The study noted the democratisation of tech in 2023, leading startups to diversify into Tier 2 and Tier 3 cities, with 40% of tech startups established in emerging hubs by 2023. According to Nasscom, business model innovations in industries like manufacturing, automotive, and industrial sectors improved over the past year, with these sectors seeing increased stability and funding.

Debjani Ghosh, President of Nasscom, said, “In 2023, despite facing global economic and regulatory challenges, Indian tech startups have prioritised the imperative of enhancing their business fundamentals, driving profitability, and growth. India’s tech startup ecosystem has truly matured, attracting more than US$ 70 billion in cumulative funding between 2019 to 2023.”

Funding scenario in tech startups

Indian tech startups raised US$ 4.1 billion in H1 2024, 4% higher than H2 2023 (US$ 3.96 billion), remaining the fourth-highest funded country globally in the tech startup, according to Tracxn report that highlighted funding trends and volumes in the Indian tech startup landscape.

Tech startup funding

*Calculated based on the average annual growth rate of funding amount between 2014 to 2023
Source: Inc42 and Nasscom

Startup funding in India has been declining since 2021, as central banks increased interest rates, ending the era of cheap money from the Covid-led low interest rate regime. Risk-capital investors pulled back on venture funding.

According to the report, seed stage funding rose to US$ 455 million, a 17.3% decrease from H1 2023 but a 6.5% increase from H2 2023. Early stage startups maintained a valuation of US$ 1.3 billion, 28% less than H1 2023 but consistent with H2 2023. Late-stage funding decreased by 1.3% from H1 2023 to US$ 2.4 billion but rose by 3.8% from H2 2023.

Despite these challenges, eight funding rounds over US$ 100 million were completed in H1 2024, including Meesho’s US$ 275 million Series F round, Flipkart’s US$ 350 million Series J round led by Google, and Apollo 24|7’s US $ 297 million PE round.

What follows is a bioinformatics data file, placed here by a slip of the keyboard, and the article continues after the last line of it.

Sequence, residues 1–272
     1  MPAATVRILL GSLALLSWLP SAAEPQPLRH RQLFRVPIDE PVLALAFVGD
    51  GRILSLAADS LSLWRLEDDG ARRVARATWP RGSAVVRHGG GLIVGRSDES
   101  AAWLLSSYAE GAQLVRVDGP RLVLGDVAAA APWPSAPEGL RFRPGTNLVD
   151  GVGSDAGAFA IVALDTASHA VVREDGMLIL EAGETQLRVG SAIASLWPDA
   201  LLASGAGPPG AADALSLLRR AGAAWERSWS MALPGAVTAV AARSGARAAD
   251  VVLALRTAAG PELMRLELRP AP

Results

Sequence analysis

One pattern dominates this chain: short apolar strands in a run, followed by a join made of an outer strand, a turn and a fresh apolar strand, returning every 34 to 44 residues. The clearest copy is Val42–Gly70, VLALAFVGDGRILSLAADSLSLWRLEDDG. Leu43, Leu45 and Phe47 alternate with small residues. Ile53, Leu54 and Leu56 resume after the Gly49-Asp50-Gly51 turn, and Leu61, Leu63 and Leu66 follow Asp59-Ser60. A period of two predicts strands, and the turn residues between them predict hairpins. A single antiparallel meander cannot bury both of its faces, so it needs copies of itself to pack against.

Neha Singh, Co-Founder of Tracxn, noted that despite four consecutive half-year periods of declining funding since H1 2022, signs of stabilization and growth are emerging. “India’s robust performance as the fourth-highest-funded country in the tech startup ecosystem is encouraging.”

Three unicorns emerged in H1 2024, up from zero in H1 2023, along with 33 new “Soonicorns“—startups expected to become unicorns soon. H1 2024 saw 17 IPOs, up from 6 in H1 2023 and 12 in H2 2023.

Acquisitions in the Indian startup ecosystem fell from 75 in H1 2023 to 43 in H1 2024. Notable acquisitions included PingSafe by SentinelOne for $100 million and PureSoftware by Happiest Minds for  US$ 94.5 million.

Accel, Blume Ventures, and Peak XV Partners were the top investors in H1 2024. In the seed stage, Venture Catalyst, Z Nation Lab, and We Founder Circle led. Peak XV Partners, Global Alpha Waves, and Saama Capital were the most active early-stage investors. DST Global, Epiq Capital Advisors, and the UC-RNT Fund led late-stage investments.